We set off for Palenque today, stopping our journey after around 2 hours at the archaeological site of Tonina which is less well known than some of Mexico's other sites and as a consequence tends to have relatively few visitors. Tonina is an impressive site with two ball courts, one that is sunken and, at 60 metres long, one of the Mayan world's largest and another that has an altar where it is thought that sacrifices took place. A 2 hour drive this afternoon brings us to Palenque where we check into our hotel for the night - on the way we stop at the Agua Azul waterfalls, a beauty spot where it's possible to take a refreshing dip.
This morning we have a guided tour of the impressive Mayan site of Palenque. The jungle-covered complex is one of the most famous in Mexico and is located in the low hills of Chiapas. The pyramids, sanctuaries and temples, with their sculptured wall-panels and roofs are remarkably well preserved and are probably the finest surviving examples of Mayan buildings. This afternoon it's possible to continue exploring Palenque at your leisuire, or take an optional excursion to Misol Ha waterfall, a cascading stream pouring 120 feet into a deep pool of water below. Surrounded by lush vegetation, Misol Ha is perfect for a relaxing afternoon!
We have an early departure today to visit Yaxchilan, some 'lost' ruins that are surrounded by jungle. After a 2.5 hour drive we board fibreglass boats and travel along the Usumacinta River in order to reach Yaxchilan, hopefully giving us a chance to see some of the wildlife that frequents this region: ocasionally Howler monkeys and Red macaws can be seen. After visiting the ruins, we cross the border into Guatemala where our journey continues with a 4.5 hour drive (at times on a dirt road) to the small village of El Remate, close to tomorrow's attraction: Tikal.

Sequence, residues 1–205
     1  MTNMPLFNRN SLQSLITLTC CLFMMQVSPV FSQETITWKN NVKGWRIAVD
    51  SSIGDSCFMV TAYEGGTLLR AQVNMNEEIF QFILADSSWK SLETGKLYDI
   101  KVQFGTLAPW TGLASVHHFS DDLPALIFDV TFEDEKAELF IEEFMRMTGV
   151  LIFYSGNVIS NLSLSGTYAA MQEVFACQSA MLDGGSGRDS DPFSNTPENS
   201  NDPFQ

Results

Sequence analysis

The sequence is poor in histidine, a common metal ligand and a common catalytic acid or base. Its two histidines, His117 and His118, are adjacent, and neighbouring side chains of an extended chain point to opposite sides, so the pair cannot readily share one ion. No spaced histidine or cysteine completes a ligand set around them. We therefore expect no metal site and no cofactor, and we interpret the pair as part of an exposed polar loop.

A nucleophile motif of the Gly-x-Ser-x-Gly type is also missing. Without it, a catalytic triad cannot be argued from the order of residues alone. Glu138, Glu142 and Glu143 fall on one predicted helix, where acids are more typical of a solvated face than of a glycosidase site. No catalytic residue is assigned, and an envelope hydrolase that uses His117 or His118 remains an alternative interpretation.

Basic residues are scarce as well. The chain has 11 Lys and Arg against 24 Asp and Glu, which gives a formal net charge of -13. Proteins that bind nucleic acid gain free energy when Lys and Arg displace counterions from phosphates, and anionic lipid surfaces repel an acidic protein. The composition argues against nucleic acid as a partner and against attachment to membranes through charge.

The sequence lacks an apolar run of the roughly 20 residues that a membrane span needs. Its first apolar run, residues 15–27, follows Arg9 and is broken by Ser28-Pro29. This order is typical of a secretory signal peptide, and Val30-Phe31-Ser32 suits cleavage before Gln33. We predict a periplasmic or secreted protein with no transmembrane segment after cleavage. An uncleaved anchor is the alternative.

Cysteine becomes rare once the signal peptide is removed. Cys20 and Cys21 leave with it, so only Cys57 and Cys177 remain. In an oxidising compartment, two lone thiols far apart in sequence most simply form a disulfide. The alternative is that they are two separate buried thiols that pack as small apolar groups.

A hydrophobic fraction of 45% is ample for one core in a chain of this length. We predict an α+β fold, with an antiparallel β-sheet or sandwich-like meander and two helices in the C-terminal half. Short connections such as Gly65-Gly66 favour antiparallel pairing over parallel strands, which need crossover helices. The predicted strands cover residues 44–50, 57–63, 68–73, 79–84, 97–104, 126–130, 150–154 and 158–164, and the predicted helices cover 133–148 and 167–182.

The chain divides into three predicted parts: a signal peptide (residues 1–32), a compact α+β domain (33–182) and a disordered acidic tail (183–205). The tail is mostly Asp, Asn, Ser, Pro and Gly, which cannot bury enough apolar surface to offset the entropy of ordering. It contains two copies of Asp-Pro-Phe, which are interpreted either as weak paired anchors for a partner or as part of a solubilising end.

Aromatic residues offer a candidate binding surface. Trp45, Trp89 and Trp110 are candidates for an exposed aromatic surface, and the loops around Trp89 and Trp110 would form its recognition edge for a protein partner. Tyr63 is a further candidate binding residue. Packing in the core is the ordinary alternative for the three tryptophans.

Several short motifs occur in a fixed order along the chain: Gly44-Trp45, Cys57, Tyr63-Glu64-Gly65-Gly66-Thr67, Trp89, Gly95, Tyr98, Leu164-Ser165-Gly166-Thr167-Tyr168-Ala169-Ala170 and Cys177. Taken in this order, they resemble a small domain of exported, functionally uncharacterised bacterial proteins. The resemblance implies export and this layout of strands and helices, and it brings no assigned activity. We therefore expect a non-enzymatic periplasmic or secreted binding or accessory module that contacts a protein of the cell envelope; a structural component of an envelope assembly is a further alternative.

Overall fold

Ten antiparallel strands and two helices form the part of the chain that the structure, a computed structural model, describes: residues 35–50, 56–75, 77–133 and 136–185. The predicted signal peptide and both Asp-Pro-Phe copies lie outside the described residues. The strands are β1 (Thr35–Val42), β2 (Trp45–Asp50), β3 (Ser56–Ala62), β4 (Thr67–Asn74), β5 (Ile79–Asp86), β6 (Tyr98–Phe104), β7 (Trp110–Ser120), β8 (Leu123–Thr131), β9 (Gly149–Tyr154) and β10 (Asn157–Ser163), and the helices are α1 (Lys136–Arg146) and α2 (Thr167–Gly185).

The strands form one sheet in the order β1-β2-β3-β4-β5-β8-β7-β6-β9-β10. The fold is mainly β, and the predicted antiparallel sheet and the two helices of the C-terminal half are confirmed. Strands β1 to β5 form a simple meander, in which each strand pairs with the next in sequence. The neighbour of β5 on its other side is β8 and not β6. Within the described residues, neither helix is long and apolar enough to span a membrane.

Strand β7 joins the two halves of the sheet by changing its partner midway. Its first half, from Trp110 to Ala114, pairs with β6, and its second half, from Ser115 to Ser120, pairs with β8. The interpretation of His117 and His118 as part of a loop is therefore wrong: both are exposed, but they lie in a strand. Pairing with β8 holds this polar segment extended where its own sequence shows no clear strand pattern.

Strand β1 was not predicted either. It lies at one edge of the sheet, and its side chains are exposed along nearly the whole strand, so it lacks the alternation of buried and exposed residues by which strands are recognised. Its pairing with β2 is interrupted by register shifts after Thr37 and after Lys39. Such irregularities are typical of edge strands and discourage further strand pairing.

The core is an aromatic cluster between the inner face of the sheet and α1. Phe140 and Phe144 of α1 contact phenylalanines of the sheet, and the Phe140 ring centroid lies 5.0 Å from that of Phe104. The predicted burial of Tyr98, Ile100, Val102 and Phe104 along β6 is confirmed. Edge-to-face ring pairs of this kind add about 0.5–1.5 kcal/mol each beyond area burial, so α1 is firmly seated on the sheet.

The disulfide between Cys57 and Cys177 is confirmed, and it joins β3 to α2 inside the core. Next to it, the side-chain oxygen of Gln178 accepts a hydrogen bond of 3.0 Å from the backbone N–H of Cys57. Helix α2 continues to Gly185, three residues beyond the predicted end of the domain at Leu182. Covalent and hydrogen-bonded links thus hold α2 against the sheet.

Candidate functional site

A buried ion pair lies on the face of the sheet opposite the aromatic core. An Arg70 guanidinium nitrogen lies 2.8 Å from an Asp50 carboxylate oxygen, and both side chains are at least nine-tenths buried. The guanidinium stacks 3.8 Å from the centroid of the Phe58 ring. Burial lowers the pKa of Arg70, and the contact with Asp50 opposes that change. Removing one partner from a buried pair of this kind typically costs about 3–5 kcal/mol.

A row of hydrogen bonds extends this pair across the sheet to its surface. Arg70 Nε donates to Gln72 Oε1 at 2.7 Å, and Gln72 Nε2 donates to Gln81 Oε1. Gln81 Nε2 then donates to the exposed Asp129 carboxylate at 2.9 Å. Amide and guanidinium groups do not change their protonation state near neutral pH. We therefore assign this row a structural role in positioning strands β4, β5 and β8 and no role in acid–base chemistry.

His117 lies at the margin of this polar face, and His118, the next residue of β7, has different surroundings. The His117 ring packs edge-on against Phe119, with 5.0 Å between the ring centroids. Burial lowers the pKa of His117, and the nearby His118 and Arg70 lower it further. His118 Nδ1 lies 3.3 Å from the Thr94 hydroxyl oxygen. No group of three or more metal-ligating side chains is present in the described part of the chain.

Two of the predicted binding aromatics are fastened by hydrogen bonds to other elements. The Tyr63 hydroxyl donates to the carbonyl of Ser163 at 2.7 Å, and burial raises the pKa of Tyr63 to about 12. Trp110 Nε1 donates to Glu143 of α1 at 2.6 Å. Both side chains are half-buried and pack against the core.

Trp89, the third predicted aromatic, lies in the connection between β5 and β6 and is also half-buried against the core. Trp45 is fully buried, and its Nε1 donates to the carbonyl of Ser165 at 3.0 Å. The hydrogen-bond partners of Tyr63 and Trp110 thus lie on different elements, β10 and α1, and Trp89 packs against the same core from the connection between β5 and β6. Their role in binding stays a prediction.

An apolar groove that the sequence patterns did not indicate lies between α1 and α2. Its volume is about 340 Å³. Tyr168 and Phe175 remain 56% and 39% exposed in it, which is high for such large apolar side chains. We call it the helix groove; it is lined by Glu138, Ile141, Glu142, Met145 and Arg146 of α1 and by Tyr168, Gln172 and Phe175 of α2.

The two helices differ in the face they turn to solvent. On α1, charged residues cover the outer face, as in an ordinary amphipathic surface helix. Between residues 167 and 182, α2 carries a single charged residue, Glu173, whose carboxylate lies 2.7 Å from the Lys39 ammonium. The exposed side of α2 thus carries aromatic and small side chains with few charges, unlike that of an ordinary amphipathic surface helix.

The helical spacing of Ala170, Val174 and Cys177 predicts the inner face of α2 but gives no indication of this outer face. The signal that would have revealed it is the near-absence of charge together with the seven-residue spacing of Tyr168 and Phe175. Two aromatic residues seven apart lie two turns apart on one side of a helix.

Tikal is undoubtedly one of the most spectacular of all Mayan sites, surrounded by rainforest and with pyramids rising above the tree tops. We spend the morning here, in the middle of the jungle, exploring nearly 20 square miles of classic Mayan ruins. We take a tour of the city, visiting the Q complex, Main Plaza, North and Central Acropolis, Seven Temples and Mundo Perdido (Lost World). Tikal is a superb area for observing wildlife in the jungle environment and visitors regularly see Howler monkeys, Spider monkeys, toucan, Weaver birds, coatimundi and even tarantula (if you know where to look and wish to find one!). In the afternoon there will be free time to relax by Lake Peten Itza.
Today is primarily a long travel day of around 7 hours which also involves a border crossing to get to Copan in Honduras. We break our journey near Rio Dulce for lunch (not included) and to visit the former Spanish fort of Castillo de San Felipe de Lara.
Nestled in the Rio Copan Valley, the ancient city of Copan was once a major Mayan capital, the most southerly site of the Mayan empire. Copan is renowned for its striking carvings and architecture and has a huge number of sculptures making this one of the most artistic of all sites. The jungle surrounding Copan is a haven for birds and wildlife and we will also spend some time exploring the eco-park before we return to the quaint town of Copan Ruinas.
We make our way to Antigua after breakfast this morning, crossing the border back into Guatemala. The drive should take around 6 hours giving us a free afternoon in Antigua to explore the cobbled streets and numerous churches. Beyond the tiled roofs there are stunning views of the Agua and Fuego Volcanoes - it is not hard to see why Antigua is regarded as one of the most attractive cities in Latin America.
Our trip ends today in Antigua, but clients on group flights will return to Guatemala City airport in order to catch the flight home. Land Only clients are free to make onward arrangements from Antigua or can return to Guatemala City airport with the group transfer, providing that there is room.